To meet the requirements of Article 54.1 of the Russian Tax Code, taxpayers must exercise “due diligence” when choosing counterparties. Tax risks will arise for companies if their counterparties violate tax law, so the Federal Tax Service recommends including a tax clause in contracts to reduce such risks.

Purpose of a tax clause

When agreements have a tax clause, taxpayers who were unable deduct expenses or VAT due to the seller’s bad faith will be able to demand compensation from such seller, and in case of refusal, they will be able to withhold the amount of losses from the payments under the agreement or collect them in court (Federal Tax Service Letter No. БВ-4-7/3060@ dated March 10, 2021, Supreme Court Ruling No. 308-ЭС17-13430 dated September 28, 2017).

The Federal Tax Service considers that a tax clause is a convenient tool for buyers to voluntarily file revised tax returns without disputes with tax authorities and then on their own recover losses from problematic counterparties. In such case, the Federal Tax Service dispenses from litigation, and the buyer can recover losses from the problematic counterparty, which may be easier than challenging the decisions, actions from the Federal Tax Service and is possible provided the tax clause is duly worded. And it is not because there is a tax clause in a contract that the buyer will have to decline applying the appropriate tax deduction by submitting a revised tax return. The buyer may ignore the recommendations from the Federal Tax Service Federal Tax Service, receive a claim or decision from the relevant tax office and challenge it.

Is including a tax clause in contracts mandatory?

A tax clause, like other contract terms and conditions, is included voluntarily by the parties to the contract as agreed by the buyer and the seller (Article 421 Russian Civil Code).

Such clause takes away from the seller the ability to protect its interests in court as the seller will be compelled to reimburse to the buyer all taxes that the buyer will pay voluntarily or compulsorily to the budget as per the recommendations or claims from the Federal Tax Service. Sellers may therefore refuse to sign contracts containing a tax clause. In such case, our consultants could help work out a tax clause that would be acceptable for both parties as well as back up your company’s position in negotiations with counterparties.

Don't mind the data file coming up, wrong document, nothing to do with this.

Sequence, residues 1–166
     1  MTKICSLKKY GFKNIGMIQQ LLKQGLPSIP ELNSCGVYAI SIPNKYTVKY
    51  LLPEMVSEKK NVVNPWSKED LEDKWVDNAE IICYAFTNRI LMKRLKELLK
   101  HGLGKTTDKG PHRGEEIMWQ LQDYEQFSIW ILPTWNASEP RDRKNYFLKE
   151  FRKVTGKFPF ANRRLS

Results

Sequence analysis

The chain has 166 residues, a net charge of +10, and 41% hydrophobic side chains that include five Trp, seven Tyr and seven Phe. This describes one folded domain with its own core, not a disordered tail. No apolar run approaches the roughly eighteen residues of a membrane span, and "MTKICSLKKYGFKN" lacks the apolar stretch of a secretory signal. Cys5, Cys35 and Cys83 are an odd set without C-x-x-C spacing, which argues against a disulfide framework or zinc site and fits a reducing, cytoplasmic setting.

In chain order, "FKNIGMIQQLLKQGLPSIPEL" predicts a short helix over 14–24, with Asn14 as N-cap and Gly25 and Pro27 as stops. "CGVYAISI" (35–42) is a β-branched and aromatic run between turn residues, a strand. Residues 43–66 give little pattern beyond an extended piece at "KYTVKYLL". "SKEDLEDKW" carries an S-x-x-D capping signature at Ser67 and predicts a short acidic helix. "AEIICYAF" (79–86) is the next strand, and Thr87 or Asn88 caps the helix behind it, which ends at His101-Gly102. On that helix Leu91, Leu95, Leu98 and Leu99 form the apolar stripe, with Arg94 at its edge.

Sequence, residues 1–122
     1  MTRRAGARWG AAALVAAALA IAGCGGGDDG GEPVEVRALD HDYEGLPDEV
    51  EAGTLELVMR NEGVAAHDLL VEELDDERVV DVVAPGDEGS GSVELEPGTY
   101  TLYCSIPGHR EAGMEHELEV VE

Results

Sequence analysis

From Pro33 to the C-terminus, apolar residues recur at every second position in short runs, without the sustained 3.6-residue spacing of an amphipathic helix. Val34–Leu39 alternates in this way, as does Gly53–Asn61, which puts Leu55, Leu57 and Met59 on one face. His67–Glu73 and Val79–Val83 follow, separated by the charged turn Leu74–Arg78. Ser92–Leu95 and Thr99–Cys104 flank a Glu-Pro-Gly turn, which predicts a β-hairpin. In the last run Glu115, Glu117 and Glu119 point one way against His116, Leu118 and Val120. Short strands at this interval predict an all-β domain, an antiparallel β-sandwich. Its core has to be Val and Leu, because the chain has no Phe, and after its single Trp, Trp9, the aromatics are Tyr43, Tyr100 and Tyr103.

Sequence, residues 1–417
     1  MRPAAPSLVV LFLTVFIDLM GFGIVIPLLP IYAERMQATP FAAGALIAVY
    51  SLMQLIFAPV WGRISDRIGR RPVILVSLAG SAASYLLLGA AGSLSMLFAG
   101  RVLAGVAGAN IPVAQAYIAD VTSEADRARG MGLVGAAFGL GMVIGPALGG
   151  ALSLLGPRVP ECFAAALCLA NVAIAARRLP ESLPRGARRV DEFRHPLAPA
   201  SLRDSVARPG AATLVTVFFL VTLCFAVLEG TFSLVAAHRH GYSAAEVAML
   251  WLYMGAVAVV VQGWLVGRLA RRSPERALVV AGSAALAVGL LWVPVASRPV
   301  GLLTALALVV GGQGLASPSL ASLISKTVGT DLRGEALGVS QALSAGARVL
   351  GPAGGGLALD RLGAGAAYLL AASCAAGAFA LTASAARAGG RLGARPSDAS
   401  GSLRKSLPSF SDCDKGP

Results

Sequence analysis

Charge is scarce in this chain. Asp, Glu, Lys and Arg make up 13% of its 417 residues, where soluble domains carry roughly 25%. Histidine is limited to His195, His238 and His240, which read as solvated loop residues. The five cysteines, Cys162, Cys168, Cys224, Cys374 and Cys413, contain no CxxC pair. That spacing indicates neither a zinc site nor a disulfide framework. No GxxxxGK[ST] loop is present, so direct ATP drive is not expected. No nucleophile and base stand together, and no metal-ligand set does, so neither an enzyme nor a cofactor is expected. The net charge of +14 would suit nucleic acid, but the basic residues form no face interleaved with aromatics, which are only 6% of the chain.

How to properly formalize a tax clause?

Civil law instruments such as representations and warranties (Article 431.2 Russian Civil Code) or compensation for losses incurred in the event of the occurrence of circumstances specified in a contract (Article 406.1 Russian Civil Code) can be used to include a tax clause in the contract.

If a tax clause is included in a contract, the buyer’s actions will be completely dependent on the content of the tax clause.

If a tax clause is formalized by drafting an additional agreement, then it is recommended to specify that it will apply to the relationship arisen between the parties upon conclusion of the agreement. Otherwise, the additional agreement will apply only to the circumstances arising from the date on which the additional agreement (rather than the agreement) is signed.

Does a tax clause guarantee the recovery of losses from counterparties?

A tax clause is not an absolute guarantee of recovery of losses and/or property losses from the seller. The buyer may pay tax to the budget at the request of the Federal Tax Service but not have time to collect the amount of tax from the seller due to the seller’s bankruptcy or liquidation. To mitigate this risk, we recommend evaluating and monitoring the financial position of significant counterparties.

Our support

Our tax lawyers and consultants have experience in drafting optimal tax clauses based on the recommendations made by tax authorities and case law on this issue. We can advise and assess all the risks associated with tax clauses, and if necessary, we can liaise on your behalf with counterparties and tax authorities.